How to Create a Perfect Ping Pong Loop in After Effects | Martin Muerza | Skillshare
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How to Create a Perfect Ping Pong Loop in After Effects

teacher avatar Martin Muerza, Motiongraphics artist

Watch this class and thousands more

Get unlimited access to every class
Taught by industry leaders & working professionals
Topics include illustration, design, photography, and more

Watch this class and thousands more

Get unlimited access to every class
Taught by industry leaders & working professionals
Topics include illustration, design, photography, and more

Lessons in This Class

    • 1.

      Introduction

      1:34

    • 2.

      Inspiration & Moodboard

      5:27

    • 3.

      Design

      12:51

    • 4.

      Setup

      17:28

    • 5.

      Looping Theory & Follow Through

      1:21

    • 6.

      Wings & Body

      17:54

    • 7.

      Smears! Peak, Tail & Eyes

      24:50

    • 8.

      Legs

      5:29

    • 9.

      Export

      6:25

    • 10.

      Conclusion

      1:10

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About This Class

Learn how to create a beautiful Loop in After Effects to express yourself!

Hi! My name is Martin Muerza and I’m a motiongraphics artist from Argentina.

In this hour and a half - intermediate level -  class you are going to learn how to plan an animation piece, how to make a proper AE set up, looping theory and some cool concepts like Smear Frames, Follow Through, Animation Curves or how to make a proper joint between moving parts.

Also, I’m going to share with you my animation process from start to end and my personal experience.

This class is for anyone who wants to tell something through a visual loop. 

I’m sure all these techniques will help you through your entire Motion Graphics career :)

You can learn more about me by checking my pages:

Instagram: https://www.instagram.com/martin_muerza/

Personal web page: https://www.martinmuerza.com.ar/

Meet Your Teacher

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Martin Muerza

Motiongraphics artist

Teacher

I’m a Motiongraphics artist based in Buenos Aires, Argentina and I am passionate about design and animation. I discovered that you make a difference when you pay attention to details and when you become an eternal student, always learning new things.

After watching a lot of tutorials, I decided to create  2D animation courses to bring my knowledge and experience to those people who are starting to train in the area. Beyond the technical questions of the programs, I transmit to the students my method to reach a successful animation project, just as I do it in my day to day work.

 

See full profile

Level: Intermediate

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Transcripts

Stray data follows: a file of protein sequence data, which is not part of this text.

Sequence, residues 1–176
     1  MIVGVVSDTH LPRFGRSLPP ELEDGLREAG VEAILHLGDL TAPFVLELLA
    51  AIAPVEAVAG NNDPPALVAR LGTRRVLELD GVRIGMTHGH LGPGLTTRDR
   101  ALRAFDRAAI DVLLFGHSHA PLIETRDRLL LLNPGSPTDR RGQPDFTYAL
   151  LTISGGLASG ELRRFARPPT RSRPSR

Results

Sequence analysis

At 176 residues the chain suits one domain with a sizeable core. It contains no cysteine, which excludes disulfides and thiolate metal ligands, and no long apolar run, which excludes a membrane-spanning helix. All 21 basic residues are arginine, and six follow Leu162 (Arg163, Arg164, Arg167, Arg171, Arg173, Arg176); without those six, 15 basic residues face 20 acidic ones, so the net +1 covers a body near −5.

1. Introduction: Hi, my name is Martin, and I'm a motion graphics artist from Argentina. Today, you are going to learn how to create these beautiful ping-pong animation. To achieve this, I'm going to teach you how my creative process is, from inspiration to final export. We're going to see some good concepts like looping theory, animation curves, smear frame, and follow through. The main idea of this class is for you to create some cool animation and share it on your social media network. This way you can connect with other artists like illustrators, animators, motion graphics people, and you can even get a job. I have been living from these profession since 2009, and I assure you that a key aspect of this is to share your work and keep the production flow all the time. You should take this class if you're an illustrator who want to give life to its illustrations, or maybe if you're an animator who wants to learn some cool animation techniques, or maybe if you just want to tell your message through an animated look. If you decide to take this class, don't forget to write your reviews and share your project on the gallery. I'll be on the other side, giving you feedback and answering all your doubts in the Community page. I can't wait to share all this with you. Enroll and I'll meet you in class. 2. Inspiration & Moodboard: Thank you so much for taking this class. Now we're going to start with the first part of every motion graphics creation which is inspiration. We have to search images, shapes, color, animations, any visual reference that you think represents the final animation we are going to do. After this, we're going to select the best ones and we going to create our mood board, which is going to guide our animation the whole process. It's going to keep the consistency of the piece because we have the colors, the shapes, the style we are going to follow. Let's prepare a coffee, let's put some cool music and we're going to look for some inspiration. First of all, I want to tell you what inspired me to create these class. I started following artists and I recognized that these kind of loop was repeated all the time. Let's see some examples. Here I got Ema Columbo's profile. I really like his loops. You can check this out. I also like James Curran. You can see a lot of beautiful loops. This guy is like the master of loops. I also like Motion Markus as well. He's got a lot of this. He's also a really good artist. After getting all this inspiration, I decided to figure out how to create these kind of loops. Why call it ping-pong loop? It all came from after effects where there is an expression called loop out ping-pong, which keeps the animation going from one key frame to another. Although this is not the expression we are going to use. I decided it was a good name for this class. To teach you this idea, I divided the process in steps, which you can repeat on your animations and motion graphics jobs. Inspiration, mood board, design, setup, animation, final touches, and export. To teach you all these concepts, I thought it would be a good idea to create a flying bird. But after learning this process, you will be able to create whatever you want. Let's begin. First of all, we're going to search on Pinterest for images that represent the style we're looking for. Once you have selected a lot of images, you can now select again the most representative ones to create your mood board. I call it Skillshare bird. Here you can find shapes like this one. I really like these geometric shapes. Also I like this color palette. I like how the texture of the chest is achieved on the eyes as well. Also, here we have a beautiful color palette. Another one. I like how these geometric shapes work. Maybe I can use something like that. I really like how this wing is separated in three parts. I think that's separated in three, it's going to give us a much more natural movement when swinging, when the bird is flying. If you have to make a more complex animation, you can make your mood boards on Illustrator and you can add topography. You can add some textures or whatever you want. For this case, we are going to use this Pinterest board as our mood board. You should invest your time in this part and also train yourself to improve every time. How can you train yourself? Well, you can create Instagram collections with the best illustrations, with the animations you like, another one with graphic design that you like, pictures. You can create Pinterest boards. You can make Vimeo playlist. With all these resources, your head will be full of new stuff, full of new creative pieces. There you're going to have some new tools to introduce in your animations. Also, another way you train yourself is to read. Here I have a very beautiful book which is Steal Like An Artist from Austin Kleon. This book really helped me out in this process of creation because it opened my mind. It helped me with this part of the production, which is inspirations. It helped me to search stuff, to introduce things that other artists make into my own animations. Now, we are ready to make the first task of this class, which is creating a mood board. In the next chapter, we're going to start with the design. 3. Design: With the help of our mood board, we're going to start designing inside After Effects. Here we have the mood board we created before and the sketch. As you can see, I tried to keep it geometrical and simple. We have triangles, circles, some straight lines. I took this style from this illustration. You can see the body of the bird is a circle and a triangle, and the legs are just straight lines with two circles. I like how this was made, and I really like this texture in the chest of the cat so I tried to make something similar with the wings. I did my sketch on paper with a pencil but you can make it in the way you like most. There is a nice tutorial on Skillshare that shows a great process on drawing and sketching, which is Odd Bodies from Tom Froese. I definitely recommend it. It really helped me with my process of sketching. There is a key aspect that we have to think before designing, which is where I'm I publishing my animation? This is going to determine the frame rate, the resolution, the aspect ratio of our animation. It's going to be vertical, it's going to be a horizontal. It's going to be for a TV, for a Instagram, for a YouTube, and that's how you define how you're going to design the animation. In this case, we will make our animation for Instagram and we're going to stick with the portrait dimensions which are 1080 pixels width by 1350 pixels tall. Now, we are ready to open After Effects, and we're going to create our composition accordingly with the dimensions we talked about before. We're going to name it BIRD DESIGN. We're going to make it 1080 by 1350 square pixels. 24 frames per second is a good frame rate, and duration we're going to leave it 15 seconds. Also, we will create some folders that will help us to keep our order. This will be RENDER. We're going to drop our design for the moment and ASSETS. Inside ASSETS, we're going to create our Images folder to drop all the images we're going to import, and also we will create the PRECOMP folder. Now, we're going to import our sketch and our mood board. For the mood board, I just took a screenshot of our Pinterest page. We will double-click the mood board to see it here, and we're going to drop the sketch to our BIRD DESIGN composition. We're going to start with the color palette. I really like these colors, so we're going to pick them. To make that, we just have to deselect everything, select the Square Tool, create a square, and we're going to pick our colors. When you have this selection, you can press "Alt" and drag to copy it, and we're going to keep picking our colors. Now that we have our color palette, we can name it and just keep it in a place where we can see it all the time. With the help of shape layers, we're going to recreate all the design we have now. To make the round corners, we have to open our Shape Layer and go to Stroke, and put Round Cap. If you have a join here, you can also put Round Join. We will repeat this for every stroke we have. To create a new shape layer, you just have to deselect everything and start with the Pen or with the Geometrical shape Tool. You start drawing and this will create a new layer. If you want to keep designing in the same layer, you just keep drawing without deselecting. To modify just one of the handles when needed, you have to press "Option" or "Alt" and redirection the handle. Again, just like we did with the color palette, you can press "Alt" or "Option", and keep copying our shape. You can navigate your shapes inside the Contents. There we have all our shapes. You can select them and move them around. If you keep opening the Contents and go to the Path, you can select a certain point and modify it. You can keep refining your design until you're happy. You can see that now I'm missing one wing, but I just reposition some things in order to keep the harmony of the design. When you finish all this, you have to copy the wing in order to keep them identical. To make this, we're going to solo all the wing layers. I'm going to create a null object. You can go to Layer, New Null Object and position it in the tip of the wing, and we're going to make all these layers. We're going to parent all these layers to the null. Once you make this, you can select them all again. Press "Command D" to duplicate. We can bring them up and we're going to scale the null. We press "S", we unlock it, and we put minus 100. This will reflect the null and as everything is parented, it will reflect all its layers. We missed a tip so we're going to go back. What are we missing here? This one. We didn't duplicate this. There we go. We do it again. We put a minus to reflect it. There we go. We un-solo everything. Now we reposition our left wing. We can use the help of the sketch but as you can see it already changed a lot. I think we are keeping the essence of the design. There we have it, the sketch and the final design with the shape layers. Now that we have the design ready, we can start preparing our project for further animation. 4. Setup: This chapter is about being tidy and keeping the order. When you work in motion graphics, this is going to make you much more faster. You're going to deliver your works in time, and also your clients will be happier. Sometimes in the studio, clients call us not only because we animate nicely or smoothly or whatever, but because we are tidy and we keep the order. This is really useful when you have big projects with lots of people working on it, or lots of animations to create, and it's a key aspect to keep everything in order, just to reach the deadlines that the clients put to us. Let's jump into After-Effects and I'll tell you how my process is. As told you in my previous class, the order is a key aspect of the motion graphics creation process. Mainly, we have to keep it in three places: Project Folder Organization, After-Effects Bin Organization, and After-Ethics Setup. In the first case, I strongly recommend you to work in the Cloud. For this, I think that Dropbox is the best option. This way, your files are always backed up. You can work with other team works with no problem and you can have access to your files everywhere. Sometimes, when I'm not in studio, I can solve deliveries from my teammates or clients from my phone. This is really helpful. The folder structure is this, we have AE, where we're going to store all the After-Effects projects, remember to put the name of the client, this would be Skillshare Bird, and the name of the project. This would be loop, ping pong loop. We always make them sequential, one, two, three, four and five, just in case you have to go back to a previous version. Then we have Client Material. Here, I just made the folder with no use because I don't have any Client Material, but this is useful when clients send you fonts, or feedback, or images, whatever clients send is here. In Design, we have Mood board, Sketch, and then every image format you use AE, JPEGS, PSD, whatever you bought. If you're going to work in PSD, or in Illustrator, you can put the name of the scene, and then you keep putting the name sequentially so you always know which is the last version. In this case, we design everything inside After-Effects, so we're not going to have any Illustrator, JPEGS, or PSD. We're just going to have Mood board and Sketch. Also, if you add any font, this would be the place to put it. Then we have the Renders folder, where we're going to have all the renders we make with the date. We have the folders, for example, 22nd, August, and inside we're going to have all the renders we made on that date. When we talk about After-Effects Project's Bin Organization, we are talking about this window here. Here we're going to organize all the files we import, our design, our scenes, our voice-over music, whatever you import and also we're going to have the compositions. This simple setup I'm going to show you is going to help you to be faster, and for you not to lose time looking for the character, looking for the music, looking for the background, you will always be faster because you will always know where to look. Here we have Render. This composition is really important because it has to have the right frame rate, the right resolution, the workspace area already in the place we need it to be, because when you're working with other people, you all have to know where the render is coming from. When you have a big project, you may have a lot of pre-comps, and maybe you're rendering a pre-comp that is not the final comp, so when you put it in this folder, you all know that this is the composition you have to make the render from. Then we have the Assets folder. There we're going to put all the files we import. This folder can be also named JPEG, and then to create a new folder you just have to click this icon. You can have Illustrator files, you import them here. You can have voice-over, or music, you keep making the folders you need as you import your files. It's not recommended to create a lot of folders if you're not going to use them. Then we have the Pre-comp folder where we're going to drop all the pre-compositions that we create while animating. At last, we have the Layers Organization. Here, we have all the shape layers we created in the bus video. We're going to have to organize it and prepare it for animation. This step is really important because you are going to save a lot of time preparing files before animating. I really recommend you to spend some time in this setup. We are going to change the color of the layers to have a visual order. We're also going to adjust the anchor points where the layer rotate from and scale from. We also will rename everything and we're going to parade things. For example, here we have the wing which rotates from this point, which is not that good, and it also doesn't move with the feathers we design. You can make this at the same time that you are designing. I separate it in order to be more clear for this class. Here we have, for example, the beak. First of all, I want the beak and the tail to rotate from the center of the body. We're going to drop some rulers. If you don't have the rulers, you have to press Command or Ctrl+R, then you put the mouse in the numbers and you're going to see the icon changes, now you click and drag, and you're going to find this line. We're going to put some rulers here. Now our beak is rotating from its anchor point, and we want to rotate it from the center of the body. We're going to press the Y, and we can see the anchor point snaps in the guides. We're going to place it in the intersection of our guides. If you go to View, you can lock guides, snap to guides, show guides, clear guides. You can play a little bit with that. We're going to do the same for the tail, I'm sorry I have to rename this we press Y, if we press and hold Y, when we unpress it, we go back to the last tool we have, which would be the selection tool, which you can go back with the short v. That's okay, our eye will rotate from that anchor point, we're going to rename this. For renaming you press Enter. The most important part of this design is the body because it is going to control everything. We rename it body. We can put a strong color like this one in order to firstly see where our body layer is, because we are going to come back to this animation a lot. Then we have beak and tail. If we click in this red box, we will have all the colors we can use, yellow, then we have the eye, we're going to keep it yellow. Then here we have the legs. The legs are going to rotate from the tip. There we go. We have the right leg and left. I'm going put them green. Then we have the wing, we have the base. Remember if we press this solo icon, we're going to see just the solo layer. We have a wing. We can change it to blue. We are not going to animate the feathers, we are just going to parent them to this part of the wing and this other group to these part of the wing so the anchor point, it's okay. Then we have the long feathers, which are these runs. We're going to adjust its anchor points to rotate from this tip. There we go. Now we have everything with its name, its anchor point, and its layer color. Now it's time to parent things. The tail is going to be parented to the body. The eye is going to be parented to the body as well. The peak is going to be parented to the body, the right leg, it's going to be parented to the body and the left leg as well. For the wing, I want to divide it in three parts. We have the first part here, the second part here, and the third part would be these yellow feathers. These would give us a much more dynamic and fluid swing when the bird is flying. First, we are going to solo the wing to have a more clear vision and then we're going to create a circle in this part to divide the bigger part from the smaller part. This circle will give us a clean join. I go to the ellipse tool and I create a perfect circle. You can press shift to make it perfect and command or control to scale from the center. Then if you press the short v, the program will let you move or scale again. We're going to position this in order to touch the edge of the other shape. That's perfect. Now we're going to go to the pen tool, click and hold, we're going to select the plus icon. We put a point there and we're going to put a point there as well. Let me check if the points are on the right path. If we select the path inside the shape layer, we're going to be able to control the points so this's okay and this one is okay too. We have the ellipse and the shape with two points in the intersections. Now we're going to duplicate the wing. For one wing, we're going to delete this part and for the other, we're going to delete this part, keeping always the circle in both. We're going to start with the wing number 1. We're going to go to the shape, we're going to press and hold, select the minus icon. I'm going to click in these points. Now we have half wing with the circle and we're going to go to the other. Select this point, open the path of the shape. We press the V. This way we can adjust it in order to keep the circle as the edge. Now we're going to position our anchor point. We're going to use the same technique we used before. Now, we go and press Y. Now we have wing 1 and wing 2 and both have the same circle. When we rotate, you can see we don't have sharp points in the middle. The join is perfect. You can use the same method when rigging the character for the shoulders, the knees, everything that rotates should end with a circle. That way you have these kind of join. Now we can parent the tip feathers to the wing too. Let me check. We're going to parent all these to wing 2. We're going to parent these two feathers to wing 1. Wing 2 is going to be parented to wing 1. Now when we rotate, you can see we have the wing working perfectly. The feathers are okay. The long feathers are okay too. You can see that animating this way with a very good setup done will be faster and much more fun. Because you can really feel the movement of a wing 1 animating. You're not going to be losing your time doing and redoing animations. 5. Looping Theory & Follow Through: Now we are ready for animation. But first, let's check some theory. We have two things to pay attention to when making a loop. The first one is the main loop duration, and the second one is the internal animation duration. As we're making a ping-pong loop, the movements of the elements should come and go back to its starting position. We will call this Animation Loops. The key here is to fit all the animation loops inside the main loop duration. For example, if our loop is 20 frames long, our animation clips can be of 20 frames, ten, five or two. Which would be too fast and chaotic, but it's still an option. This way, you can move the animation loops in time and they will always loop inside our main loop. This will keep the loop flow all the time and it will give us the option to create follow through, which consists on delaying some layers, one or two frames, to follow one of the 12 animation principles, giving a more natural and organic look to our animations. We will be making this, while animating our bird. Finally, we are ready for animation and we're going to start moving things in the next chapter. 6. Wings & Body: Before animating, we will define the durations. In the main loop duration, wings when swing two times, while the head will come and go just once. It comes with the first swing and it goes back with the second, just like the legs. First of all, we will define our main loop duration. You can try animating roughly until you have the duration you want. You can try with the wing or with the body, that's okay, or also you can check some references. I have some reference from the Pinterest, also you can check on Dribbble and this one is really good. You can check the timing when the wings go up, when they go down, this is a really good way to extract information from other references. In this case, I think we can use a main duration of 36 frames at 24 frames per second. Let me check. Everything's, it's okay. We can see the composition settings. We have the portrayed dimensions and 24 frames per second. We will put a marker at frame 20, then we're going to go forward 36 frames. We will put another marker, and as the winds will come up and down twice, I will put a marker in the middle. We have the in, we have the middle, and we have the out. We can adjust a workspace area, here we'll have one swing, two swing and body will go up and down, up and down. In this first part, the wing will start in the down position. It will go up and down again so we will start rotating. You can press the R to reveal the rotation properties, and we will put a keyframe clicking in the stopwatch. We will rotate this until we are happy with it. Also, we can rotate the long feathers as well. To create the effect of a good swing, we have to give more time to the app movement and less time to the down movement. We will break our 18 frames into up 10 frames and down eight frames. We can put a marker here as well. This would be up, and now we can rotate everything at the same time, as it is all pirated, you can see it all rotates a little bit more than the part that was before. You can adjust this. If you want to exaggerate one part of the wing, you can rotate just that part. You can play with this until you are happy. Then we will see it animated and it will have much more sense. Then we go back. We will start copying and pasting our A position. Remember, you always work with three keyframes, position A, position B, and position A again. Now we can see the wings swinging with the timing that we set up. Now it's looking a bit awful, but we will make it better with the animation curves. If you want to go further on this, you can check Jake's Barlett animation with ease in After Effects class. First of all, we're going to press F9 to easy this all keyframes. Now it's looking better, but we still have to play with the animation curves to reach a more dynamic swing. The fastest way I've found to work with motion dynamics is to modify the keyframe velocity. I don't usually use the graph, I just use it for specific movements I want to reach. Let me show you quickly how it works. When we were talking about key from velocity, we are talking about the interpolation between two keyframes. When you first move an element, you put a keyframe into position A and a keyframe into position B. Here we have a ball which comes from this position to this position. Automatically, the program puts these linear keyframes. The program calculates the speed the ball has to reach to go from A to B without accelerating or decelerating. When we select the keyframe and press F9, we are starting to work with motion curves. You can see the balls start from zero velocity, it accelerate, and then decelerate. Now, manipulating the keyframe velocity, we can exaggerate this. For example, here we have another ball. Let's start with an F9, and then we're going to go to the keyframe velocity settings. The F9 drops the speed to zero to and the influence to 33. If we put 100 of influence, you can see the time it takes to accelerate. It takes much more time, then it reaches a maximum speed around here. The two balls move from A to B at the same time, but in the middle, different things are happening. We can check this with the motion path. The motion path shows where the anchor point of our layer is at each frame. You can see all the frames it takes to accelerate. But how few it takes and how long distances it travels at the end. Now we have a third ball and we're going to put some influence at the end. As it is the end, the animation comes from here to here. We are going to play with the incoming velocity, the incoming velocity towards the keyframe. We put zero, and we put 100. Now we have the inverted draw of the motion path, there you can see the difference between influence in the outgoing and influence in the incoming. I recommend you to play with this until you feel comfortable. It's really important for you to dominate these technique. In this animation, we will start in the down position. To go to the up position, we will put some influence in order to get the sensation that the wings are heavy. We can go with the shortcut or we can just right-click and press keyframe velocity. We will put some influence in order to delay the start of the movement, and before reaching the up position, we will put a lot of influence, maximum influence. This will delay the wing until it reach its up position, creating some anticipation for the down movement. For the outgoing velocity, we will keep the lane a little bit with 75 percent of influence. We're going to end up with a 33 influence and zero for the down, this will give us a much more faster down movement. There we go. You can see it takes more time in the up position anticipating the down position, and we're getting a much more fluid movement now. Remember, you can play with the influence selecting more than one keyframe, but they all have to be the same parameter. Summing up, here we play with the outgoing velocity, we delay it a little bit just to give the wing more weight, then we delay a lot the up position to anticipate the down position. For the final influence and velocity, we just keep the F9, 33 percent. Remember, we made 10 frames for the up position and just eight frames for the down, this also help us to make the down position swing faster. Now, as our main duration loop is 36 frames and not 18, we have to put some expressions to loop this. We're going to play "Alt" or "Option" and click in the stopwatch. Then, we're going to just type loopOut. If you have the last After Effects version, when you type loop, it appears here, and if not, you just type loopOut and parenthesis. There we go. We can press enter from the number. Now we have one part loop as you can see, and we can replicate this by copying expression and pasting. You hold down "Shift" to select all the rotation properties and "Command V." There we go. Now, our wing is looping forever. For the body, we are going to follow the same logic. As we have a good parent hierarchy, when we move the body, all the parts of it are going to move. We're going to go to the down position, we're going to put a key frame here, then we're going to go up and play with the position of the body. Remember, you always have to keep Position a, Position b, and Position a again. We press "F9", we can close the workspace area in the middle for now, and play with the parameters. Once we are happy with it, you can start changing the animation influence. For the body, I just want to delay when it goes up and down, all with the same influence. We're going to start with 55. If you want, you can also play with this little feathers. For the moment, I think it's looking pretty good like this. Now, we are missing only just one thing, which is replicating the expression loop out. Now, we can check the whole loop, it's looking pretty good. You can see that we are animating just one wing, that's okay, we're going to replicate it and put it here when we're finished. Once we have everything animated, it's time to make some follow-through. To make these properly, we will move our workspace area. We don't have to worry because everything is looping. Here, we will have the same loop we have here. But we will keep the markers because they will help us with further animations. Now, as I told you in the previous chapter, it's time to move things, just some frames in order to get a follow-through effect and a much more dynamic and natural animation. First, we have the body. The body is going to guide everything. Then, we have this wing, which it will be Wing number 1. We're going to delay these Wing 1 frame, and we're going to delay these Wing 1 frame from the previous one. There we go. We can exaggerate this a little bit, try to play with it until you are happy. There we go. We also can delay all these long feathers. We will go to the last animation and we'll put the starting position of the long furthers one frame further. Now, we get a much more dynamic movement and we can also exaggerate this. We can rotate the feathers. Remember, you always have to copy and paste the first position, it has to be exactly the same. There we go. You can see that now our screen is really natural. Now, we have to duplicate the wing and create the left wing. We're going to select it, all the parts of the wing, we're going to duplicate them, move them up, and we're going to change its color to cyan. We also are going to create in order to reflect it. We only have to parent the the first wing because it's all parented to that wing. Then, we are going to hit "Yes" to scale and we're going to make it negative just in the x-position. That's okay. We will move the wing in order to reach the desired point. Now, we have to re-parent this wing to the body. We can delete the null, we just don't need it anymore. Now, we have our flying bird looking really amazing. 7. Smears! Peak, Tail & Eyes: For the head and the tail, we get three elements. We have the eyes, we have the tail, and we have the peak. We will start with the tail and the peak. As we prepare in the setup, they both have these anchor points in the center of the head. These will make rotation around the head and we will generate arcs. This is another principle of animation which is really nice to get. We were working here with these markers but we started delaying some layers in order to create follow through. Some layers start looping later. We have to move the workspace area further in time to locate the period that we want. Now, we have a workspace area of 36 frames. We know everything loops in 36 frames so it's all right. We're going to place the head animation while the bird is swinging down. It would be here, from left to right, and here, from right to left. We're going to delete this marker and we can put two new markers, here in and out. That's okay. We're going to start with the peak. I'm going to hit "R", for rotation. We're going to put a keyframe at the beginning of the swing and then I'm going to try to locate the end of the string. There we go. That's okay. We will start pressing "F9" to see the movement. I think it's going to be more rotated to end up just like the beginning. That's okay. We're going to start playing with the keyframe velocity. We will try 85 and 85. This will generate a delay on accelerating. It will reach a top speed around here, and it will start decelerating to reach zero velocity. I like it. I think we can exaggerate this little bit. I will shut down the tail for now. We can expand a little bit the area. There we go. You can play with this until you feel comfortable with the peak movement. Now, we're going to make the reverse movement. To make this, we're going to copy and paste keyframes and right-click Keyframe Assistant, Time reverse keyframes. It's looking pretty good. I like it. Now, we're going to move the tail. It's looking pretty good. Now, we're going to animate the eye. The eye is just going to reflect to change from left eye to right eye. To do this, we're going to play with this scale. I'll put a keyframe. Here we're going to put minus in the x value. This will rotate the eye. We can toggle hold these keyframe. This means, it's not going to be interpolation between keyframes. It's just going to change abruptly. There you go. We based the same keyframes and we time reverse the keyframes. There we go. Now, we're just missing the loop. To give this looping all the time, we are going to put a keyframe at the beginning and at the end. This will close the loop in 36 frames, which is what do we need to put the expression loop out?. There we go. Now our bird is looping forever. It's always looping in 36 frames because we put these two key frames at the beginning and at the end. Now that we have this done, we can add some magic with smear frames. But what is a smear frame? It consists on one or two frames that exaggerate the movement a lot. Sometimes, we can use repetition, and other times, we can stretch shapes like rubber. Where do we put them? In the moment of the animation where the movement is faster. First, we will locate that moment. It would be these two frames. You can see the big troubles a lot of distance. Now, we have to replace the beak and tail with the rubber stretch shape for two frames. For this, we will create a perfect circle. We will duplicate the body, remove all the key frames and expressions and we're going to generate a stroke and remove the fill. There we go. We're going to make it yellow for the beak and eclipse, we're going to scale it a little bit to reach the tip of the beak. Now, we're going to add an animator, which is trim path. This will trim our circle and we're going to get it just where we want it. You can take the previous key frame as a reference. It goes from here to here. We will make the stroke round. That's good. Owl's mirror frame will appear in this frame. We will put a keyframe of opacity and we can animate the trim path for the second frame. That's looking good. We're animating the opacity with tug or hold keyframes from zero to a hundred to zero again. There we go. Now we're going to place the trim path inside the ellipse and we're going to duplicate the ellipse. We're going to create a smaller and shorter one. Press the U to reveal all the key frames we have. There we go. That's okay, perfect. Now, we're going to make the same for the tail. You're going to duplicate our ellipse. We can change its name here. We can put smear frame beak, smear frame beak two. Now we can make the tail. We are animating the start and the end of the trim path. This will move the starting point and the end point. We will use the same two keyframes. We will change it's color and it's width. We can move the opposite as well. There we go, it's looking pretty good. Now we can lower the opacity of the beak and tail while this mere frame is happening. We put the keyframe at 100 percent just a frame before we move further. We go to zero, one frame, two frames, 100. We can toggle hold this. It doesn't interpolate here. We can copy and paste the keyframes for the tail. There we go. It's looking pretty good. Now we're going to play with the eye. For the eye, we're going to create like a rubber eye at the same time that it's reflecting. This would be the left eye and this the right eye. In the middle, we will have a smear frame that connects both eyes. For this, we will create a shape with the pen tool. Looking good. We will name it SMEAR EYE. We're going to paint it to the body. We're going to make its stroke cup round. Now we have to make it appear. We will follow the smear's so we created before. In this frame, it should have zero opacity. In this one it has 100. This one, it has zero. Toggle hold. Now we have to position the smear where the eye is. We can rotate it a little bit. There we go. We can animate the path. We'll put a keyframe here. Here we can move the tail of the smear frame a bit forward. There we go. Now we have to lower the opacity of the eye. Just like we did before. Toggle hold. We will look at it. It's looking pretty good. Now we have the movement from left to right. We will have to repeat this process to create the smear frame and that way complete the loop. We can paint the smear into the body. We will follow the body everywhere and it will let us make the second smear easier. Now we get everything looping, but just inside the workspace area. If we move forward, we can see that not everything is looping forever. We're missing the smears and the eye animation. This is because we only work in this space. Now, in order to make the expression work, we have to cover with keyframes the 36 frames. This is because when the expressions reach the last keyframe, it automatically goes back to the first one. If we don't cover the 36 frames, it will constantly be looping between these frames. This will be much faster than 36 frames because we got 19 frames. This will constantly be repeated faster and it won't loop like we want to. For all these layers, we have to close the loop in 36. We will put a keyframe at the end and at the beginning of all the parameters that are animated. Here we have the opacity of the tail. This way we can put our expression loop out. There we go. Now we have to do this for every single animation that occurs with the smears of the tail, the beak, and the eye. The Problem here is that everything is looping but our path animation is not. This is because the LoopOut expression is not working on both animations. To fix this, I will paste a new expression. Don't worry, these will be available in the resource section. Now our path is looping too. We can see our bird is looping forever. Also, if you want to, you can reposition the layers we just animated in order to delay them a little bit. I think that's looking pretty awesome. Now we are ready to animate the legs and give everything a rotation. Just like if the bird was flying. 8. Legs: Before animating the legs, I will add some rotation to the body to get a more natural feel of these flying loop. We will go to the body, we will hit R to reveal the rotation property. Remember, we have to keep the 36 frame animation duration. I will put a key-frame at the beginning, I will give a minus 15 degrees, then I have to move to the middle, which is 18 frames. I would put the opposite value which would be 15, and then at the end, we will copy and paste. Here we have the animation. First of all we will press F-9, to Easy ease all the key-frames. It's looking pretty good, and I think we can exaggerate this with putting some influence, in the incoming velocity and in the outgoing velocity. I will put 85 percent, which is a lot of influence. You can play with this until you're happy with it, and now we can animate the legs. We will animate legs in the same moments as the body rotation we just did and then, we can relocate everything by adding the loopOut expression. We will make those first, we will add our loopOut expression. That's okay. Our body rotation is looping forever with all the parts of our bird, looking good, and now we will animate the legs. We will put a key-frame. We go to the middle. That's okay. We'll copy and paste the first two key-frames, and we will press F-9, just to visualize how our animation is. It's looking good. What I want to do now, is playing with the animation curves. I want to delay this second leg a little bit while going down. First of all, we will put some influence to both legs in all the key-frames. Just like we did with the body. That's Okay. Now, when the first leg is going down, I mean the first one that should go down. We will put some outgoing velocity of 33. This will make these leg start faster than the second one, and we will do the same thing, when these leg is going down. We'll put 33 instead of 55, these will make this leg a bit faster when going down. When we preview this, that's looking really awesome. Now we're going to add our Expression loopOut, to both legs. There we go, everything is looping. We did everything keeping the looping theory, so everything should loop perfectly. Now, you can play and relocate these parts to get different results. You ca n also move the legs separately from the body, if you want to get these results. Now, you can play your loop forever. Keep moving things around until you're happy with the result, and you will have your perfect ping-pong loop done. We finished our animation, and now it's time to go through the process and export our motion graphics space. 9. Export: The last thing to do is to add some final touches like texture or maybe an animated background or typography, a message you want to tell whatever you want. But I think in this class, we have a lot of theory and you have a lot to process. We will not include that in this class. I just wanted to tell you that to close the process, you can add some final touches to the animation, and also we have to export it and publish it. We're going to create a background. There we go. Now, we're going to pre-compose everything. Now, we will define the duration. We know that from here on, our bird is looping perfectly forever. You can close the workspace area here, pressing the B, and then you can move 36 frames as many times as you want. 123, 123456, 123, 123456, We will go one frame backwards and we will press the N to close our workspace area. That's looking pretty awesome. As we work entirely with shape layers, they are all vectors. The only thing we have to vectorize is the background. If we press here, we convert it into a vector. When things are become vectors, we can scale them without losing quality. If we scale now, we will see things are pixelated. But if we press these collapse button, everything is vector again. Now we can scale and position our bird again. We have to be careful not to lose any part of it. We can turn on the title action safe to located in the middle. That's okay. I think we are not loosing any wing here. Looking good. We will preview our animation. Now, we are ready for exporting with the workspace area set, we will press ''File export'' add to Render Queue. Here in the Render Queue. We're going press in ''lossless'' will keep the QuickTime format. Here in the format options, I will choose Apple ProRes 422. You can use animation or whatever compression you like. I like to use high-quality format. Then we're going convert it for Instagram. That's okay, or hit ''Okay''. Then we're going to click here to put the output. I will put it in my ping pong loop folder renders. I will put today's date, which is 29 of August. That's okay. Bird loop 001. We could render. That's really cool. Now, to convert this, we're going to open it. We have to open these arrow and click here. That will automatically bring us to our Loop is. I will use another program which is called HandBrake. From here, you can download it for free. Once you download HandBrake, we will open it with it. Now, we will open the video with HandBrake. You can also drag your video to this window. It will also open. Now, we have, we go to the video sets, we put 9,000 Constant Framerate. Framerate same as source, and that should work. Here we put the destination. I will put the same folder we used before. I would put 02 in order to know this is the compress one, and then we click in ''Start''. There we go. Now we have our Bird Loop here, and it's looking pretty awesome. Now this is ready to upload in your Instagram. 10. Conclusion: We finally finish this animation, and I hope you can apply all these concepts into your own animations. You can start gathering some inspiration, creating your mood board, preparing your aftereffects file, the signage animated with some looping theory on introducing cool concepts like animation curves, follow throughs near frames, and all the things we saw in this class. Also, after sharing your project in the gallery, I think you should share your project with your friends, in your social media networks, and dribble in Facebook or YouTube, Vimeo, whatever. Just share it, and you will reach a lot of people. If you have any doubt please contact me in the community page. I will be answering all your questions and also giving feedback to your animations. It has been a pleasure to share all this with you. If you like the class, please write your reviews. If you don't, write it anyway. It's useful for me. This is the end, and see you in the next class.